Community Blog

The Value of Really Listening When a Loved One Is Hospitalized

By Vicki and Brian Day

When a family member has been hospitalized you may be dealing with a number of emotions. This could be an elderly parent or someone else. You think about the future, you worry about what’s going to happen next, and you want to make sure they have the greatest chance of recovering.

Though most family members don’t think much about hospital readmission rates, there are plenty of things they can do to help reduce the risk of these readmissions. Technically, a readmission is anytime somebody has to return to the hospital, unexpectedly, within 30 days of their discharge.

The federal government is placing increased pressure on hospitals to reduce these rates, ultimately fining them when they don’t. That has led more hospitals and doctors to provide valuable information and follow-up care.

What happens if somebody isn’t hearing or listening to their doctor?

Recovery can take a long time. It could be anywhere from a few days, which is rare, to several weeks or even months. In some cases recovery could take years. If that individual is not really listening to what their doctor or other medical professionals are telling them, assuming they know what’s best or not really believing there’s any point to recovery at this point in their life, it can have detrimental consequences.

Exercise may be essential.

Many family members of loved ones who had a heart attack often discourage exercise and strenuous activity. Yes, strenuous activity can certainly be potentially dangerous, but more and more doctors are recommending heart attack victims to exercise.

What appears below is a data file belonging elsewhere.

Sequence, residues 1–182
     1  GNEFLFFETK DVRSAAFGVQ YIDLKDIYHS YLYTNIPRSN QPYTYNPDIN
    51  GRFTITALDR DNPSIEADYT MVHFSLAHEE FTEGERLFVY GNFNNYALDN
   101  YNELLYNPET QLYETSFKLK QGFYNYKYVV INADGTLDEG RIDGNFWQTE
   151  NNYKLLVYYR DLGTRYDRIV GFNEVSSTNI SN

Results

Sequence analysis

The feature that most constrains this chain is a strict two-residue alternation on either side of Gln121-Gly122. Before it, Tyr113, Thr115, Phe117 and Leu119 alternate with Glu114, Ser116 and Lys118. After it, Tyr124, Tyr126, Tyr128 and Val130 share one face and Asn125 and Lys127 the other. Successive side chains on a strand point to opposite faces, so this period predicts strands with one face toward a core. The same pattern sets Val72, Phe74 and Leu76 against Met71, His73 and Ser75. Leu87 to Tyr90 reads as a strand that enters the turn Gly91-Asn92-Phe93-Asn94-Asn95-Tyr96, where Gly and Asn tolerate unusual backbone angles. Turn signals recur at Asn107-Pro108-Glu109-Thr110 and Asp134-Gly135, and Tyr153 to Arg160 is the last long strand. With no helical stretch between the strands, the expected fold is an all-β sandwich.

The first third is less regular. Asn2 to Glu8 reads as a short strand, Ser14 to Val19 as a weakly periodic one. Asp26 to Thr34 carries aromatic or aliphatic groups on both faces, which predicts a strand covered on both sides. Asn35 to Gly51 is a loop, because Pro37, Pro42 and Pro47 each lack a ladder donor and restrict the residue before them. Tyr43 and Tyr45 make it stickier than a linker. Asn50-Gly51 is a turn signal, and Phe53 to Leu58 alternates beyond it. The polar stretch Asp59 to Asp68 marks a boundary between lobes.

If a family member or even the senior himself or herself is not really willing to listen to her doctor about this, they may overlook the value and importance of exercise.

Proper post care and support is vital.

Many family members step up to provide care and support to their loved ones after a hospital stay. This may include adult children supporting their elderly mother or father or some other situation. If these individuals have no prior experience doing this type of work, how could they possibly know the best strategies to provide optimal support?

It’s very important that people pay attention to instructions and listen to what somebody’s telling them, either the doctor, senior, or someone else. Those listening skills can pay dividends at helping people get through recovery and, ultimately, reduce the risk of having to be readmitted to the hospital before too long.

IF YOU OR AN AGING LOVED ONE ARE CONSIDERING ELDER CARE IN WIND GAP, PA, PLEASE CONTACT THE CARING STAFF AT HOME HELPERS. CALL TODAY! (610) 365-4266.